While everyone else is doing predictions for 2009, I want to do something different and look about 10 years forwards and backwards: ie. finish my trilogy into the past and future of Open Source and Open Other Things - let's call it Free Culture for this post. The first part and the spark to this trilogy was Nokia acquiring Symbian followed by Open Source has arrived... where's the money?. So let's complete the circle and look at how Openness is doing outside the world of software...
Uh oh. It seems my blog posting frequency is dropping even below my modest minimum target of one per month. I didn't post anything at all in my summer vacation. Well, a small child plus a house to re-decorate does take its share of energy I guess.
I thought I'd still follow up with were we left before holidays:
What I'm left with is the question: Are we there? Is this it? Is all that is left just some minor cleaning up after the big battle has already been won? I think it might be. For me, somehow the day I read the news of the release of Symbian as Open Source marks the milestone when it was clear that we had "won". [...]
Bruce Perens has nominated himself to become a board member of the Open Source Initiative. To get there, the OSI board (which elects its own members) has said he needs to show he has support in the Open Source community. If you want to show Bruce your support, you can do it here: http://techp.org/p/7
Heyhey... after a year of hard office work, it's like the good old times again: my blog seems to contain mostly notes of various conferences I've been to :-) (By the way, I also had an interesting trip to Dublin last week, maybe I'll write about that later.)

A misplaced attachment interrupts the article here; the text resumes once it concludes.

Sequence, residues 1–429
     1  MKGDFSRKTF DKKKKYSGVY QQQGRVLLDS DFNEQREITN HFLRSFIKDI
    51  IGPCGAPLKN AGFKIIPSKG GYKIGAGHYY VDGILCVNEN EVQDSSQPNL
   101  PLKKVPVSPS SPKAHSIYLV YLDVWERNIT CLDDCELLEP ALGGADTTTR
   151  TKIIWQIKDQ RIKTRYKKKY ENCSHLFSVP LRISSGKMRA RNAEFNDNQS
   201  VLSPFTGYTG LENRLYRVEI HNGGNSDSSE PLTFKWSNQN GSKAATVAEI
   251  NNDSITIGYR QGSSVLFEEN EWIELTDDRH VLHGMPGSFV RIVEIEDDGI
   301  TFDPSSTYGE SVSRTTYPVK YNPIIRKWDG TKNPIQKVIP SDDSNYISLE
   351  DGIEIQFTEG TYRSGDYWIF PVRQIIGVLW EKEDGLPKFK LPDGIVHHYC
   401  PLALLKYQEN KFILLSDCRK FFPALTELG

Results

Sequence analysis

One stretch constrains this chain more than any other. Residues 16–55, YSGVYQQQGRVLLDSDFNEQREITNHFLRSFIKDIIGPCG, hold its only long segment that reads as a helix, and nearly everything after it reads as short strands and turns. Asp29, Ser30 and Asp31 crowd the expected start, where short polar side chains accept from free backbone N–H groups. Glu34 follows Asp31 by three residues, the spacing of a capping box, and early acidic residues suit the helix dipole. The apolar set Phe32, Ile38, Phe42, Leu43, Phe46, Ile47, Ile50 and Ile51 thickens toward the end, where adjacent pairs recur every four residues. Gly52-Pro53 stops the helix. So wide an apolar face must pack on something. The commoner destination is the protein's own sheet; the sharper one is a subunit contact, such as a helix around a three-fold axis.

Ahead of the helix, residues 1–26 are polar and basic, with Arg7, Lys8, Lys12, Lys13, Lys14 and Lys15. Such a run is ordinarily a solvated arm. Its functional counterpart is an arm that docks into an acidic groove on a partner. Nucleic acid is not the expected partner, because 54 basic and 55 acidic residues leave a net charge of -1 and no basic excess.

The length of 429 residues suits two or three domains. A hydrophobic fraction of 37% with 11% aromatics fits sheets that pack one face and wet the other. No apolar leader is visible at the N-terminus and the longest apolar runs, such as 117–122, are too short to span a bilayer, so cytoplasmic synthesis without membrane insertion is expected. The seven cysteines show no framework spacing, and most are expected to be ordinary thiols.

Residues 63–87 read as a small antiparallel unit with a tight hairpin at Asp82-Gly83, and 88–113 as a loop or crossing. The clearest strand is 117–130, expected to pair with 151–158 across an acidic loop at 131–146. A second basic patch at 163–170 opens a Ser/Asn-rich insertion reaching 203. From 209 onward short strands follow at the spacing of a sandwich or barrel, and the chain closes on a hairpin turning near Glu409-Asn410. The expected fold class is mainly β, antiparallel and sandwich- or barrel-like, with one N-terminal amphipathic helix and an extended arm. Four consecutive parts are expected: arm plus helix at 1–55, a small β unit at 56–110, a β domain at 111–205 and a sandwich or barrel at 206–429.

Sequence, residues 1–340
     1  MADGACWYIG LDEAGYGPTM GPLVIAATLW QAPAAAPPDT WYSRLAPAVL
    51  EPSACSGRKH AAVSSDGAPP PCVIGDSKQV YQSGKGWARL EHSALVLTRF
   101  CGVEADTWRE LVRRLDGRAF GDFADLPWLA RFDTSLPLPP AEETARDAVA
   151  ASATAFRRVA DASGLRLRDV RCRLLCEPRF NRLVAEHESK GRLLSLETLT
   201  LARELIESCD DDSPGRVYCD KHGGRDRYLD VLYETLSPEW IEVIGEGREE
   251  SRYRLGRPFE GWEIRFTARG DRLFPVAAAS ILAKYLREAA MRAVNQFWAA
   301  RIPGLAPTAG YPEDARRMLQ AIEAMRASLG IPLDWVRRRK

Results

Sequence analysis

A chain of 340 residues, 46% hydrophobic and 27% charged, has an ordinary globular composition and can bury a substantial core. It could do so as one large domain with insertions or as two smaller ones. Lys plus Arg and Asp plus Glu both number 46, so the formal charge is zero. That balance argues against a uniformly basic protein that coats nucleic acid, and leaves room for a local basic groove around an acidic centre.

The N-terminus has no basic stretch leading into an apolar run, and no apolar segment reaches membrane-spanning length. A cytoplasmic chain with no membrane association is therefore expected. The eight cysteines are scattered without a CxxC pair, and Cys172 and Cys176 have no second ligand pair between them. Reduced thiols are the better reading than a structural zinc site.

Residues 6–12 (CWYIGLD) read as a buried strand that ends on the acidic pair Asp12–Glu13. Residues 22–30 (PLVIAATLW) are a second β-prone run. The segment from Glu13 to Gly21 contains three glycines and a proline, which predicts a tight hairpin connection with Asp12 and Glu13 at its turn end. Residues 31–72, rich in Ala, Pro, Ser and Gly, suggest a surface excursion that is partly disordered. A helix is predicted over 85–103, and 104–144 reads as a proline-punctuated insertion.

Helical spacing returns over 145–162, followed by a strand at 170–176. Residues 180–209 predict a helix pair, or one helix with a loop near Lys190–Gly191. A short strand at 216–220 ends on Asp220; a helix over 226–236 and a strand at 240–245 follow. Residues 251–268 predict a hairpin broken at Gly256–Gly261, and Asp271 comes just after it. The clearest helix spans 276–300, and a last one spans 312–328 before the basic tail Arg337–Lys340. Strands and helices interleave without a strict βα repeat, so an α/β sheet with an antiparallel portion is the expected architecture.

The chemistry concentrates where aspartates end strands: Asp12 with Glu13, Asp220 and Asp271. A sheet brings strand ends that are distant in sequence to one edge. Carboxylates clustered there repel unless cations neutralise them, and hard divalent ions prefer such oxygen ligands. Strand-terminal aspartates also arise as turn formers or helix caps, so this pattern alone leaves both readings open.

On Wednesday night I'm off to Notthingam, where I'm attending a seminar titled "The political economy of peer production" organised by the Nottingham Trent University. Excited as I am I became a bit grandiose and chose as my subject the introduction of a system of direct democracy. In other words, I've been thinking I should replace all the current democratic governments we have.
I wrote two months ago about the Finnish hacker heroes Mikko Rauhala and Einari Karttunen, who were going to trial for breaking the Finnish EUCD law (equ
Finnish Linux Users Group has posted the results of their poll with election candidates. A certain Nils Torvalds, running for the Swedish Peoples Party1 was among the 10% who answered. I'll translate this just for your Saturday amusement...
- 1. This small party represents mainly the Swedish speaking minority in Finland. There is no connection to Sweden-the-country-next-to-us, just so you know.
Mikko Rauhala being busy: charged for breaking EUCD, running for parliament and collecting 8k€ in 24h
According to Google this has not yet been reported in English, so I'll guess it's up to me...
Mikko Rauhala and Einar Karttunen have on February 13th, 2007 been charged with breaking parts of the Finnish copyright law that were passed in 2005 to implement the EUropean Copyright Directive, our equivalent of the DMCA. The charges are that they participated in an online service organised by Mr Rauhala to provide advice on how to circumvent DRM and in addition Mr Karttunen has published online a computer program written by him in the Haskell programming language. The charge is especially serious because Rauhala paid Karttunen 0,05€ for this program.
There is a case coming up in the US Supreme Court, where Microsoft and AT&T are arguing whether a software patent granted in the US can also regulate how some software can be sold abroad. The case itself borders on ridiculous for an engineer to understand, but there seems to be no limits on what lawyers for big companies can come up with. Of course we don't want to care in Europe whether the US patent system allows something or not, just as we don't care about any other US laws either in our independent nations.